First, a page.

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If the alternator was working, wouldn't that provide enough power to operate the required engine components to run the engine? (fuel injection, spark & EFM)
This is true if:
Likely having a meeting tomorrow to find out more about what happened.
I am just wiring up my 130 now. I have two of the EarthX batteries that will run in parallel or independently A/B/AB. If I were flying and found that the ECU cut-out, would turning off battery A, and switching to battery B restart the engine in flight? Or is there a startup procedure that would have to happen?
During test runs of our 130 we found the engine will not run on the alternator alone unless the rpm remains high enough for adequate alternator output.
The engine would instantly restart as soon as you re applied power to the system. The scenario could only happen if you somehow completely missed that the alternator went off line
I don't know the minimum, but before you fly I suggest testing yourself by turning off both batteries. I seem to recall it stopped running around 1800 rpm or less. We wrote into our draft POH for a "loss of batteries procedure" to ensure at least 2500 rpm until on short final.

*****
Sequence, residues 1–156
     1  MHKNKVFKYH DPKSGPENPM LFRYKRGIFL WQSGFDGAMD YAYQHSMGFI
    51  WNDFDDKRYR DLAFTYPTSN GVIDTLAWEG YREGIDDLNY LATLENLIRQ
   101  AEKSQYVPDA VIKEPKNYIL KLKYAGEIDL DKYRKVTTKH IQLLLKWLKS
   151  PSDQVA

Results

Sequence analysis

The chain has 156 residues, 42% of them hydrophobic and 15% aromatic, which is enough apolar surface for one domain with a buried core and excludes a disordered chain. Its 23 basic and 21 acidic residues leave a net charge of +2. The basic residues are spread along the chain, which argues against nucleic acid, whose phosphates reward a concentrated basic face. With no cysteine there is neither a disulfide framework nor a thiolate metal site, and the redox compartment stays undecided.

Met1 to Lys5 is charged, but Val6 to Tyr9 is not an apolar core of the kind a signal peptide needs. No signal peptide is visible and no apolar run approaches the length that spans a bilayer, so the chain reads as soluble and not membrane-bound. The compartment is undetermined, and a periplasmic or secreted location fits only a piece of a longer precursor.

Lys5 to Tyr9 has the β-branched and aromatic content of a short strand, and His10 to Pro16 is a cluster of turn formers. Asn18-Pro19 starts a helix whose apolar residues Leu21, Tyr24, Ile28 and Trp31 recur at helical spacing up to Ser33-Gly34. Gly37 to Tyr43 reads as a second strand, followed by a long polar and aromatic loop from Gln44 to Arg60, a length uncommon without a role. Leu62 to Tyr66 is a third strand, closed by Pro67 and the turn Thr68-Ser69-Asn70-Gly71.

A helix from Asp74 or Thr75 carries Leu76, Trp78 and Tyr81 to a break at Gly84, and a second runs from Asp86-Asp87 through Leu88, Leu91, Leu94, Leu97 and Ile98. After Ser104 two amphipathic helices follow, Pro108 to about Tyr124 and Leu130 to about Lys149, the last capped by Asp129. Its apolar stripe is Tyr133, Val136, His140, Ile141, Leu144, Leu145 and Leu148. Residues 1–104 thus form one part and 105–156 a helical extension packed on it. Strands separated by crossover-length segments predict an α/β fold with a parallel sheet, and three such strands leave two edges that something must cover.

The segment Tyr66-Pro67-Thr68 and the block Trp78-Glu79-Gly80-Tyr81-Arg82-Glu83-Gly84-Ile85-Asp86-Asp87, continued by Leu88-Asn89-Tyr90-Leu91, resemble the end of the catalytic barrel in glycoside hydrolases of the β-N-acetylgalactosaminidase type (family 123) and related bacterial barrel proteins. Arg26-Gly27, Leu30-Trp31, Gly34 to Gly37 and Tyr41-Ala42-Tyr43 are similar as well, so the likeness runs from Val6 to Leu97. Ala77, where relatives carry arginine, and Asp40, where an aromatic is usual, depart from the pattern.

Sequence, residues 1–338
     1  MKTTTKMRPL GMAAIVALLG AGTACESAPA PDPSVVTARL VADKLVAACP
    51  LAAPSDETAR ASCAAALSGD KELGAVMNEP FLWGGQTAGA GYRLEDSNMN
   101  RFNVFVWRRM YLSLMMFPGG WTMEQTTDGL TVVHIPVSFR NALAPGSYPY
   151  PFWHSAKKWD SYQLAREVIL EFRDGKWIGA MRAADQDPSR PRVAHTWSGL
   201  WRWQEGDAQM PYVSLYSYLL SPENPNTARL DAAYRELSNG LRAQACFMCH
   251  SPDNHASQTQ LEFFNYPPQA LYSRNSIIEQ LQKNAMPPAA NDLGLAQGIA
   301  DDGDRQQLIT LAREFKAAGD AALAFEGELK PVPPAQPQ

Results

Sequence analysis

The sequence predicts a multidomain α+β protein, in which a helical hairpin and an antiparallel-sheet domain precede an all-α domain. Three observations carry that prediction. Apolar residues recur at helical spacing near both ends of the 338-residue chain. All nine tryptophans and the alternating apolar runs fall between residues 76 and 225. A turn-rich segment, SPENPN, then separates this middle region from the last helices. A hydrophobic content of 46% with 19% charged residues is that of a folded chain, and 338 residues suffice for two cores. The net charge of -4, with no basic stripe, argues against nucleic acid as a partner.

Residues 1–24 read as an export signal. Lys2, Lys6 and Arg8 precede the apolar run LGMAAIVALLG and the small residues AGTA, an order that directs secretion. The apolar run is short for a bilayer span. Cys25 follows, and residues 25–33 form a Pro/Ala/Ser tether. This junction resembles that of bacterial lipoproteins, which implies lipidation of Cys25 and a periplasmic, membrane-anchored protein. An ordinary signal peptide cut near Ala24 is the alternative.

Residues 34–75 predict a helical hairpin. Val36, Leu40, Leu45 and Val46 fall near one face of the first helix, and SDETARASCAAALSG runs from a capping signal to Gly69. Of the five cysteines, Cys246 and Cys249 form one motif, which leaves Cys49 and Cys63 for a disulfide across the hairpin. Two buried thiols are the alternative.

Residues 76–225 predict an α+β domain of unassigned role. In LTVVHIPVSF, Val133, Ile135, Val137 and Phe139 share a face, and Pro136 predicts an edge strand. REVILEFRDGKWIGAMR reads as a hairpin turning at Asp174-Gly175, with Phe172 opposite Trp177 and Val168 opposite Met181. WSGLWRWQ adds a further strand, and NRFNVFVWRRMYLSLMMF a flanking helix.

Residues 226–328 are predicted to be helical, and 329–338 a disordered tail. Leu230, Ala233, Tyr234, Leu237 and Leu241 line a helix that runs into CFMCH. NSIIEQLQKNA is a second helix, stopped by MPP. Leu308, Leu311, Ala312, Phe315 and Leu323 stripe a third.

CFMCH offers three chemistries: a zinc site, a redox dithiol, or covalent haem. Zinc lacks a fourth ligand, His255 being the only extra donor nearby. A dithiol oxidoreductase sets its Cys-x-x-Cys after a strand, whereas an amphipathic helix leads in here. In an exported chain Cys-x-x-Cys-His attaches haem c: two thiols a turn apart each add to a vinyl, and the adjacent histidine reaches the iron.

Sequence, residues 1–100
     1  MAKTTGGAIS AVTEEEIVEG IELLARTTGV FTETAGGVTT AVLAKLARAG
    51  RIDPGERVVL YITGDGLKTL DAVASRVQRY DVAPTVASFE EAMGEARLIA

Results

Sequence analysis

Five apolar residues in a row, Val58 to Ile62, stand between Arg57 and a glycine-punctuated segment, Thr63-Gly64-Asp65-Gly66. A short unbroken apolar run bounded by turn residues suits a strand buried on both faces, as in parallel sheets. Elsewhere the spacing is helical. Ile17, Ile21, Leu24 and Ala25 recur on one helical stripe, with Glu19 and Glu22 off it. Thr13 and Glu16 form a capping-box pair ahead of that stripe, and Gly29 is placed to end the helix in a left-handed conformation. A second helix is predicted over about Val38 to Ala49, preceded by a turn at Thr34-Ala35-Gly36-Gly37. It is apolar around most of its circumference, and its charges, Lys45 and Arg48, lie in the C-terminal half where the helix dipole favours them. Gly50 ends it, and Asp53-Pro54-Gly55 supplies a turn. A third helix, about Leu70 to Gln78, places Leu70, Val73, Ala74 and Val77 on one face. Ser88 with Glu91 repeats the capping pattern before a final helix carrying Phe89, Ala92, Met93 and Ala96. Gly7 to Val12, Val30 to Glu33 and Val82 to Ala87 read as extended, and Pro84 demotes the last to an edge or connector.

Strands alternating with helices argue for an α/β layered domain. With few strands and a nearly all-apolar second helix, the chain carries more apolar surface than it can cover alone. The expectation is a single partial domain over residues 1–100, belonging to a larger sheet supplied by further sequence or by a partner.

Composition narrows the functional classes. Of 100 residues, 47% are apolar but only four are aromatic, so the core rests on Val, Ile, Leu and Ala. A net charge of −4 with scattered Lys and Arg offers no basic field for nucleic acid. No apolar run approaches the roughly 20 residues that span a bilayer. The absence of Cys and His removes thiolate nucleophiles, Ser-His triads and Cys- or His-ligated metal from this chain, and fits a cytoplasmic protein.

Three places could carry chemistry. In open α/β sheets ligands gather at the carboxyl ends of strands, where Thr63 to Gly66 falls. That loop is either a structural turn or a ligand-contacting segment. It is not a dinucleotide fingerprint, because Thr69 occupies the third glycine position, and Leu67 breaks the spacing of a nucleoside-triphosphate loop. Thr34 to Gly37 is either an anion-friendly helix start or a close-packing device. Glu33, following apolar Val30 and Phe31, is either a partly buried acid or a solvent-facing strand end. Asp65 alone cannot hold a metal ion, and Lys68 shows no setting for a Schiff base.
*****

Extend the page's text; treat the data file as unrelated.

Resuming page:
That is not correct. Something is wrong. Be sure the alternator is properly grounded. (Remove powder coating from attach areas of mounting brackets)
When we tested the engine did not have a propeller. Would that make any difference?
I need to make a correction to my previous post. The rpm's were much lower when the engine stopped running (likely under 1000 rpm), and without a propeller. Test run of our Viking 130 today shows the engine running just fine on the alternator only at 1600 rpm and the entire electrical load turned on, including our Dynon heated pitot tube.
Yes, without any trouble at all